Morrison also told the audience his “Batman” character Dr. Simon Hurt had some Lovecraftian influence but a different writer, J.-K. Huysmans, influenced both Lovecraft and Morrison.
“He wrote ‘La Bas’ which was one of the first Satanism novels and has a chapter with crazy Satanism, in the 1800s,” Morrison said. “So he inspired a lot of people because he created almost this decadent figure, the guy dressed in black and looking into mysteries and going further and further into doubt. With Dr Hurt, one of the basics of Batman is the bullet holes in his parents — Dr. Hurt came from the idea of being representative of this hole that runs through Batman’s life.”
The “Action Comics” writer also touched on his assertion in “Supergods” that writers shouldn’t use superhero stories to deal with real issues despite his preaching animal rights in “Animal Man,” explaining he just wanted to avoid “finger wagging” at his audience and would rather people take up causes in real life.
Speaking further on “Animal Man,” Morrison said, “I never liked the Red because all it was was Swamp Thing taken over here. We had the whole morphogenetic field, which explained Animal Man’s powers. I see him as a superhero who commutes to the DC Universe and has his family and loves animals rather than this savage expressive of nature, red in tooth and claw — That aspect that was put on top of the character I was never really happy with.”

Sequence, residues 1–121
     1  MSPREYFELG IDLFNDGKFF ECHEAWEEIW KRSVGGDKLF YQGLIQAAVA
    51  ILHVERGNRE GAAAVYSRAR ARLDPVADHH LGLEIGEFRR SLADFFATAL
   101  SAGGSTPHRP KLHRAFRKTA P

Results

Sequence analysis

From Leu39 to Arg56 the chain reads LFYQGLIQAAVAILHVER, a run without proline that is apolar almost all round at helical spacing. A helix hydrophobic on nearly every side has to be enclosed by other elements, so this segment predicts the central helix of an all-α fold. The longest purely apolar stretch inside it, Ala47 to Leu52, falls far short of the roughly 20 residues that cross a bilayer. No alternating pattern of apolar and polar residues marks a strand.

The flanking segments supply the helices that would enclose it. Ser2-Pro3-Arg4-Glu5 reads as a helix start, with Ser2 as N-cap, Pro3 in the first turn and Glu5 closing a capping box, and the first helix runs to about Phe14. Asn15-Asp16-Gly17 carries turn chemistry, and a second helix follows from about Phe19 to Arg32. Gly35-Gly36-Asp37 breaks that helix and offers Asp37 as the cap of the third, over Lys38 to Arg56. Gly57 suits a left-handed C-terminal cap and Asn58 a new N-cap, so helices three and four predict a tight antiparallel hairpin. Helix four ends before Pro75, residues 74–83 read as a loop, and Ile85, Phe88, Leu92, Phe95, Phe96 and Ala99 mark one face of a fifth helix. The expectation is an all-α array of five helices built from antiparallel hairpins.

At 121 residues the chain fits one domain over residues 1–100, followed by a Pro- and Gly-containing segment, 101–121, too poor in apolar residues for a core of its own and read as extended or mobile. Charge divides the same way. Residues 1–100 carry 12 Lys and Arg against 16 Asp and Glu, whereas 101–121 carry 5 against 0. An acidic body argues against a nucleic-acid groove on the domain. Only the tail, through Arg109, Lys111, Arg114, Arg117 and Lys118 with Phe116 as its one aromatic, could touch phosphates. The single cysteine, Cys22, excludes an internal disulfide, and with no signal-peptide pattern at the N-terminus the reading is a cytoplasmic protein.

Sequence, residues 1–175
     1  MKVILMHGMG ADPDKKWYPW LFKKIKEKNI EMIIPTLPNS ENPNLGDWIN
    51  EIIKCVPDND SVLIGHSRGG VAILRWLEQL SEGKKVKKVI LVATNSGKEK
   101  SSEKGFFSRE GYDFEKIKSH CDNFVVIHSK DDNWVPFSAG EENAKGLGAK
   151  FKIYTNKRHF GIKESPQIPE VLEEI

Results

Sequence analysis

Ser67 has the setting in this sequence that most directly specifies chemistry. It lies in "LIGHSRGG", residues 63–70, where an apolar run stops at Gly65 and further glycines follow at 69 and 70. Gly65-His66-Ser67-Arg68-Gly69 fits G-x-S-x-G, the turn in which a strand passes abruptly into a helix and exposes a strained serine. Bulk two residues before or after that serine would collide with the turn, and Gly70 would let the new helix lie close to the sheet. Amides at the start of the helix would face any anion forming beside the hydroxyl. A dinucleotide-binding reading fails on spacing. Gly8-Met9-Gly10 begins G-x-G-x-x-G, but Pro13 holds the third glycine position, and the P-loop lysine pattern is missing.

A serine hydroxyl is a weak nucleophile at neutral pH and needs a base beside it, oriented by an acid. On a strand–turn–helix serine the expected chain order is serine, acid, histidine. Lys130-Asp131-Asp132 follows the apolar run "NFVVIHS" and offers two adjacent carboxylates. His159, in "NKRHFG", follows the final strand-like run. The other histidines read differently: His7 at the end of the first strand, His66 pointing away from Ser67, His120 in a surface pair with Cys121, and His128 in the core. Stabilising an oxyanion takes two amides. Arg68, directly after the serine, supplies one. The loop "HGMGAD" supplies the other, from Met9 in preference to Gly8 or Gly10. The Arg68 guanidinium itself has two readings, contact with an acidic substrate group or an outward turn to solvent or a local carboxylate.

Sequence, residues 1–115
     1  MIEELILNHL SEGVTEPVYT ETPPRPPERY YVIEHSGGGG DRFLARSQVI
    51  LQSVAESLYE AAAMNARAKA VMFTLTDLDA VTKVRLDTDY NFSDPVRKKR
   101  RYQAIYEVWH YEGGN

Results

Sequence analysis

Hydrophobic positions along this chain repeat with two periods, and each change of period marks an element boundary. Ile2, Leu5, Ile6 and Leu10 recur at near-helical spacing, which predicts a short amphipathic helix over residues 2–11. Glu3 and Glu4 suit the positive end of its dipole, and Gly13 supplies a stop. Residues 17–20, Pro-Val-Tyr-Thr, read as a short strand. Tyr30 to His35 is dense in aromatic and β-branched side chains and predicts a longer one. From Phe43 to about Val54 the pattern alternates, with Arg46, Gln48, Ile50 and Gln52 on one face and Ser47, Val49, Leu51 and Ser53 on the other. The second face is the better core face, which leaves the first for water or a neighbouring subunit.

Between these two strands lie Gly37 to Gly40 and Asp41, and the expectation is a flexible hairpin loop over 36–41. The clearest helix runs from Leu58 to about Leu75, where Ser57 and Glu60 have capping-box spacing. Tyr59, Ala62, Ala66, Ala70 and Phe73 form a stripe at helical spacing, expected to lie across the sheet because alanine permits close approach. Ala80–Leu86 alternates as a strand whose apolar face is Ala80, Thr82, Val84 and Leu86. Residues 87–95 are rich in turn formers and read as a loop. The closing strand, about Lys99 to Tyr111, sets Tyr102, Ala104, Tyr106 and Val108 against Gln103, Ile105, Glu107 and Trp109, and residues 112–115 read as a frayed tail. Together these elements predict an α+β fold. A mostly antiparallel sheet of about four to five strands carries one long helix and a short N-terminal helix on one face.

The final question came from a man who wanted to know how close Morrison thought he was to merging with the archetypes from his books, and if he believed the material he wrote was actually influencing currents events the whole world.
“I think that would be a pretty insane thing to think,” Morrison said about the latter. “But at the same time you can’t deny, as stupid as you imagine, when you put work out for so long and a lot of people read it, a creator is someone who influences the influences of a culture.”
“But honestly, there’s too many people like me in the world,” Morrison added. “If I died tomorrow there’d be someone else like me who’d appear in the world and do exactly the same thing I do. I don’t think I’m important at all. I’ll just die like everybody else, screaming and shitting myself!”
“Let’s end the panel like that!” Morrison said as the audience laughed one last time, closing the panel to thunderous applause.